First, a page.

All that skipping the 85 filter does is give you a blue-ish image on tungsten film in daylight.

"Tree of Life" is timed on the cool side so they didn't completely correct for the missing filter anyway. Same goes for "Heat". Probably a better example is "There Will Be Blood" which was shot without the 85 filter and timed back to neutral.

Generally a colorist would rather start with a neutral base rather than have to start with a correction for a missing 85 before they then add more corrections on top of that, but you should do your own tests and go with what you like.
  • 0

#27 David Mullen ASC

David Mullen ASC
  • Sustaining Members
  • 20160 posts
  • Cinematographer
  • Los Angeles

Posted 25 July 2015 - 07:13 PM

If you shoot a comparison test, I'd include a MacBeth color chart or something with RGB panels in it so that you can see the changes in noise in each color channel.

 

Keep in mind too that in the case of a movie using a lot of natural light, like "Tree of Life", it's annoying to have to pull off the 85 filter every time the light level drops below a certain point, just to get that extra 2/3-stop exposure, and it could be a matching problems if you remove the 85 filter in mid-coverage, so it makes sense to just shoot everything without the 85 unless you want to use daylight balanced stocks.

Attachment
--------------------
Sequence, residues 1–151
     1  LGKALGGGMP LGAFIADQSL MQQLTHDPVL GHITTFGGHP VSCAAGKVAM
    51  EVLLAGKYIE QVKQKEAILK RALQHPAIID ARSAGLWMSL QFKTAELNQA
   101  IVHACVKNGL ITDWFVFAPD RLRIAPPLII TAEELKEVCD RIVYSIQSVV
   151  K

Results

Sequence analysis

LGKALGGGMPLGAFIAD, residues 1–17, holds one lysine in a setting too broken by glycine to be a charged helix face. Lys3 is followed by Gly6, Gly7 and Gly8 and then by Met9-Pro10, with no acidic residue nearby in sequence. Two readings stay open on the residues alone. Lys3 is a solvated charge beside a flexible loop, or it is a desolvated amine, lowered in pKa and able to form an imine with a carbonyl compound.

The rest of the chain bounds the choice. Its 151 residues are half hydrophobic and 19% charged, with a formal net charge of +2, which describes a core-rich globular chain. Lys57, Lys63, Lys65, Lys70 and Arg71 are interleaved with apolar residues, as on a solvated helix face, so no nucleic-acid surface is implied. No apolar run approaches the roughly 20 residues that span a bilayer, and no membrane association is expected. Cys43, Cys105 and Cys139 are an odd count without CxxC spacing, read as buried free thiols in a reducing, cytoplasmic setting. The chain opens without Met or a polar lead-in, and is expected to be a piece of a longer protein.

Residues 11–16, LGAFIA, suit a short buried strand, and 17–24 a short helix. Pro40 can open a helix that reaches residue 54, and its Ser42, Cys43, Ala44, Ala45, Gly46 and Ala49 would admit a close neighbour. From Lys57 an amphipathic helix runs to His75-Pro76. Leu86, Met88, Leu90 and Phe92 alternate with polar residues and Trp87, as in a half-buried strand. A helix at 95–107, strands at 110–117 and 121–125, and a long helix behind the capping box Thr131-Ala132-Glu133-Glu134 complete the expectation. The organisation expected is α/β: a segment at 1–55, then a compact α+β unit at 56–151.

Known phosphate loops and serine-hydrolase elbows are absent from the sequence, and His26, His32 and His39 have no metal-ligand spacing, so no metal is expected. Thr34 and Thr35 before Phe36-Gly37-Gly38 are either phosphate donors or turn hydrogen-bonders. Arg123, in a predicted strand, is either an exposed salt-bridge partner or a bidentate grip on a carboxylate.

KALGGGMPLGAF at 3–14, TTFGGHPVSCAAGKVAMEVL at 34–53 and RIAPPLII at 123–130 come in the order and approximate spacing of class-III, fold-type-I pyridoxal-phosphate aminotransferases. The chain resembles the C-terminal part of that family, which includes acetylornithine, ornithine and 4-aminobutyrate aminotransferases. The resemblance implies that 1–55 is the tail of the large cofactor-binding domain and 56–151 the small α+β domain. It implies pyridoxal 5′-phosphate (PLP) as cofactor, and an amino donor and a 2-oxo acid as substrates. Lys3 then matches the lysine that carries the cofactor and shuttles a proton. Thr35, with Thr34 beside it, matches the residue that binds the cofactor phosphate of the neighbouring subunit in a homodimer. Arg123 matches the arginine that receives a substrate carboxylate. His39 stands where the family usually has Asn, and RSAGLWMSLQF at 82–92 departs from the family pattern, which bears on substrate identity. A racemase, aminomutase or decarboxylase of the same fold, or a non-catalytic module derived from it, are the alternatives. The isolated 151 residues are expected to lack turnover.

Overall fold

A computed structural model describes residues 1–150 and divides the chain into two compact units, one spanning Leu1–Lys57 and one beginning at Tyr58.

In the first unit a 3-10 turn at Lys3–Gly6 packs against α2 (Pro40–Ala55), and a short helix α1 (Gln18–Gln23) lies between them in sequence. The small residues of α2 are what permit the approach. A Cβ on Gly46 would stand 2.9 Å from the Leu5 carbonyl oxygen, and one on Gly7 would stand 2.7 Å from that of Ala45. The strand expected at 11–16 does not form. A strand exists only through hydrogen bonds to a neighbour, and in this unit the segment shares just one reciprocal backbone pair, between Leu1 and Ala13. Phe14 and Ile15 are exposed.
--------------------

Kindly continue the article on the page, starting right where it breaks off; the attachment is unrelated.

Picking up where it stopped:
In terms of digital cameras, though, it is safer to shoot closer to the correct color temperature because a digital file doesn't quite have the hidden depth of color information as film negative has, it's a bit more of "what colors you recorded and see on the monitor is what you'll have to play with in post".  

 

It's better today with 10-bit and 12-bit log cameras, but in the old days of 8-bit 3:1:1 HDCAM, if you shot a scene with a heavy blue cast, you'd find that there were no warm flesh tones recorded to bring back in post, you'd basically be taking grey skin and trying to put some magenta-brown color over them (and probably ending up with a magenta-brown tint to everything...)


  • 0

#28 Leon Liang

Leon Liang
  • Basic Members
  • PipPip
  • 90 posts
  • Student
  • Sydney

Posted 26 July 2015 - 02:19 AM

Roger Deakins said on his forum that with the Alexa, there isn't much difference between using the correct colour temperature in-camera and using an 85 filter. He also said that on 'The Shawshank Redemption' he shot on tungsten and corrected in post because the shadows would be cooler than with an 85 filter.

http://rogerdeakins....1961e7ce3aff878

Edited by Leon Liang, 26 July 2015 - 02:21 AM.

  • 0

#29 David Mullen ASC

David Mullen ASC
  • Sustaining Members
  • 20160 posts
  • Cinematographer
  • Los Angeles

Posted 26 July 2015 - 10:33 AM

If you look on a waveform, you'll generally find with most digital cameras that the blue channel noise is higher at 3200K than at 5600K, so it makes less sense to use 85 filters for daylight.


  • 0

#30 Mathew Collins

Mathew Collins
  • Basic Members
  • PipPipPip
  • 202 posts
  • Cinematographer
  • India

Posted 29 December 2015 - 08:43 PM

Bunch of information. Thank you David.


  • 0

#31 Luke Roberts

Luke Roberts
  • Basic Members
  • PipPip